Six of the Best: Hidden Treasures

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Leeds is a awash with historical artefacts and strange object d’art, from ornate carvings to 100-year-old biscuits. Neil Hudson takes a look at half a dozen of these wondrous heirlooms

PETER PAN STATUE, ROUNDHAY PARK

The statue of a Peter Pan-like figure, surrounded by animals and called Spirit of the Woods, resides in Canal Gardens at Roundhay Park, above.

It was originally placed near the entrance to the park but was repeatedly vandalised. It stood there until it was moved in 1987. The figure, made of lead and weighing half a ton, cost £500 when it was bought in 1957 in a London auction by a Leeds parks officer, who hoped it would become a popular attraction.

In 2011, the statue was given a new flute (made from a trumpet), thanks to the Friends of Roundhay Park.

MINERS’ TRIBUTE, ALLERTON BYWATER

A biscuit was among those handed to British troops during the First World War. But they were notoriously dry and hard to eat. One savvy soldier decided his was so inedible, he would use it instead of writing paper to pen a letter back home.

Sent from the trenches in 1914, it survives still tucked in its original wrapper at Leeds Discovery Centre and was addressed to a Mrs Maxwell of Meanwood, believed to be the sender’s mum. Written on one side in blue ink is the light-hearted message: “Christmas dinner in the Army. ‘Give us this day our daily bread’ and please put a bit of butter on. From Max.”

OWLS OF LEEDS, CIVIC HALL

The Leeds Owls are famous as a symbols of the city. Our file picture shows them being cleaned on July 29, 1973.

Kevin Maher, 26, of Manchester is pictured at work gilding the Civic Hall Owls. Kevin worked for Clean Walls of Manchester. The owls are covered

in golf leaf and stand 7ft high. They also appear on the city’s coat of arms.

They were taken from the coat of arms belonging to Sir John Savile (1556-1630), the first Alderman of Leeds. He lived at Howley Hall, near Birstall, which is now a ruin.

THE MUMMY, CITY MUSEUM

Leeds City Museum houses a 3,000-year-old mummy called Nesyamun, also known as ‘the Leeds Mummy’.

Nesyamun was a priest, incense bearer

and scribe at the ancient Egyptian temple

complex at Karnak and died around 1100BC. His body was preserved and entombed ready for the after-life.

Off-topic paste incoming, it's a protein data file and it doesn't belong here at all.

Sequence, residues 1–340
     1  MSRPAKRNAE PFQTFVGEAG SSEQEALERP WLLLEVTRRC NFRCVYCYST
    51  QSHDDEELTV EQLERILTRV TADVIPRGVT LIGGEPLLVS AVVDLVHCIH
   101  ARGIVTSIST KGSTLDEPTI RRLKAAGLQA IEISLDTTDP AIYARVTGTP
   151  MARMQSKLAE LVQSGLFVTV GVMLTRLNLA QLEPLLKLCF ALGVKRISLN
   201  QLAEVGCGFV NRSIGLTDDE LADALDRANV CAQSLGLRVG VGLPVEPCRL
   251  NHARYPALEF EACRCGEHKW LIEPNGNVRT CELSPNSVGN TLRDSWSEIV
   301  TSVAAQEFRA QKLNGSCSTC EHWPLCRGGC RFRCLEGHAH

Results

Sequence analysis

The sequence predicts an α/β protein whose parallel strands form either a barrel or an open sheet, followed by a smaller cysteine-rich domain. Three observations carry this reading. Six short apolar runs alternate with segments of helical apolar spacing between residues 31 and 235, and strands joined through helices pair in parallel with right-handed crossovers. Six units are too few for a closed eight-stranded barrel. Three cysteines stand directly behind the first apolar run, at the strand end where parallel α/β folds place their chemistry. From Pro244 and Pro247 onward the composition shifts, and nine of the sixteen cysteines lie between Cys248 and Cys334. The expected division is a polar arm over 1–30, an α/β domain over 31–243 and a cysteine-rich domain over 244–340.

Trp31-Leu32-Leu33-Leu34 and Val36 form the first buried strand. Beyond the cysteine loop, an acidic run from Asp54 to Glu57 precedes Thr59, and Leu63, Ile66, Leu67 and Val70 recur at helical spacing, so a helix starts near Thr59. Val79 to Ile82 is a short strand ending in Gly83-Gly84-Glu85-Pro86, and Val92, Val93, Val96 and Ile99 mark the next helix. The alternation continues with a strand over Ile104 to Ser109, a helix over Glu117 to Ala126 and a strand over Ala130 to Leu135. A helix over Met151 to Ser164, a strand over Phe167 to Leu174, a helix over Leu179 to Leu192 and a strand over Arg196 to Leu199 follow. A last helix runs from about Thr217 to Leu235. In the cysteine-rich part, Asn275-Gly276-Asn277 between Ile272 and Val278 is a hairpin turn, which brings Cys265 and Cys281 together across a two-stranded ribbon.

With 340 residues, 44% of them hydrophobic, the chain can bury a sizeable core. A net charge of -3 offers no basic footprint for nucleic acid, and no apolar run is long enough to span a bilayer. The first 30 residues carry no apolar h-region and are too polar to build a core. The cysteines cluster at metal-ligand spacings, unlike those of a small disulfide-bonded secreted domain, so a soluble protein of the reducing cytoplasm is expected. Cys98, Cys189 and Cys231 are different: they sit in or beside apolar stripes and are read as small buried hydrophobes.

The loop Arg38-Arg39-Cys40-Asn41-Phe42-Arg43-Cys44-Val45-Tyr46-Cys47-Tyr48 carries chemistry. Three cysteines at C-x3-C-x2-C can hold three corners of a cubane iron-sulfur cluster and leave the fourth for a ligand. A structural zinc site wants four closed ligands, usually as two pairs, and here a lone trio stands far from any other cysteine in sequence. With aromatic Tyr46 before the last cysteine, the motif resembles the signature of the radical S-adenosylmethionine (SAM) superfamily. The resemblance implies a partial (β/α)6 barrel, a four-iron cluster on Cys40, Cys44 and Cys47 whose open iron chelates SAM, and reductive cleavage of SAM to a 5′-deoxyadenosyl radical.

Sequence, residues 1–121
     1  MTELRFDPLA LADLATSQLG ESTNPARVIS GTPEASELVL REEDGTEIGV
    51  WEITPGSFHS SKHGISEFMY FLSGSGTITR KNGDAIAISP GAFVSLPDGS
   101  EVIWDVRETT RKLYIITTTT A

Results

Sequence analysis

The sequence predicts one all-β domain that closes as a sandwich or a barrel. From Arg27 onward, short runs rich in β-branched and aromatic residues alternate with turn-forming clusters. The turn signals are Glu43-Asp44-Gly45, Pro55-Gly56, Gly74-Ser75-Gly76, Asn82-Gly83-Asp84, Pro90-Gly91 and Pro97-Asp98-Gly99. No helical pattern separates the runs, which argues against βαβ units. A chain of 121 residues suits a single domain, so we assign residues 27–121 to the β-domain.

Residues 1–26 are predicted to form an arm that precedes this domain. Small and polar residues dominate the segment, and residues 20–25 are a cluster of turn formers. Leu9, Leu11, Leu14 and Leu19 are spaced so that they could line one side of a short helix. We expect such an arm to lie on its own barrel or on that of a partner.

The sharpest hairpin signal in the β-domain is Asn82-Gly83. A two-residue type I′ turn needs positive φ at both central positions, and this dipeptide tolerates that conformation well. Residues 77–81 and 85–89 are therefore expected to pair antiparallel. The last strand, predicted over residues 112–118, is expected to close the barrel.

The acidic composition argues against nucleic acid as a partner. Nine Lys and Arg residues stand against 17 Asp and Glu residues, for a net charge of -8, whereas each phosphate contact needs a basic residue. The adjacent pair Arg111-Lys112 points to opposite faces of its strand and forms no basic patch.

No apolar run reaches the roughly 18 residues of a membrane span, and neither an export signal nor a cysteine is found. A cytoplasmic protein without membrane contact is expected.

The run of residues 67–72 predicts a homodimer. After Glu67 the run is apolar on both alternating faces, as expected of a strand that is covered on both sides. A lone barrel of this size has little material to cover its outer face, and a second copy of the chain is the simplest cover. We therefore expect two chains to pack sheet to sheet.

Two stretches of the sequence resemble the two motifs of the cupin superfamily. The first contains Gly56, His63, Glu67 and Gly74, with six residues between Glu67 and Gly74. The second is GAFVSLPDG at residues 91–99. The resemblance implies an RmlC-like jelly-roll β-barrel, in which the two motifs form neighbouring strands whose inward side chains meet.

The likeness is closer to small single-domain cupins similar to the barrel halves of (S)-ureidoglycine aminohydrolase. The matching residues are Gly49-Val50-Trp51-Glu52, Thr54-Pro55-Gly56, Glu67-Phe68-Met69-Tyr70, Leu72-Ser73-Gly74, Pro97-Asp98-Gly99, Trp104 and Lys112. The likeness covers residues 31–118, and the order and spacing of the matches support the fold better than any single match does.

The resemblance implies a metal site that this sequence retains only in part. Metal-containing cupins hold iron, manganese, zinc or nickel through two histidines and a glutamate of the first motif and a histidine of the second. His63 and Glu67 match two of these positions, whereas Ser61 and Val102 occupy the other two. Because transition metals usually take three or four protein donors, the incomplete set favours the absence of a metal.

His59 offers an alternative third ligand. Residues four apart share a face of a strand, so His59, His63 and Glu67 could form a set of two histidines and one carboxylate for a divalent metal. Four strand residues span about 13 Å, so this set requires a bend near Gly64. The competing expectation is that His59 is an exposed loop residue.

It was acquired by members of the Leeds Philosophical and Literary Society, who bought it from an Italian trader. The artefact arrived at the Leeds City Museum in 1823 and is one the best preserved in the UK.

ELEPHANT ARMOUR, ROYAL ARMOURIES

This elephant armour dates from around 1600 and was used in India.

It is made up of 8,450 separate iron plates interwoven with fabric. It has been estimated it would have weighed about 160kg and as such is the heaviest suit of armour in the world. It also came with a pair of tusk armour-piercing swords. It is on display at The Royal Armouries Museum, Leeds Dock, along with an armoury of other weapons, both real and fantastical - some of the swords in their collection were used in The Lord of th Rings films.

100-YEAR-OLD BISCUIT, DISCOVERY CENTRE

A biscuit was among those handed to British troops during the First World War. But they were notoriously dry and hard to eat. One savvy soldier decided his was so inedible, he would use it instead of writing paper to pen a letter back home.

Sent from the trenches in 1914, it survives still tucked in its original wrapper at Leeds Discovery Centre and was addressed to a Mrs Maxwell of Meanwood, believed to be the sender’s mum. Written on one side in blue ink is the light-hearted message: “Christmas dinner in the Army. ‘Give us this day our daily bread’ and please put a bit of butter on. From Max.”

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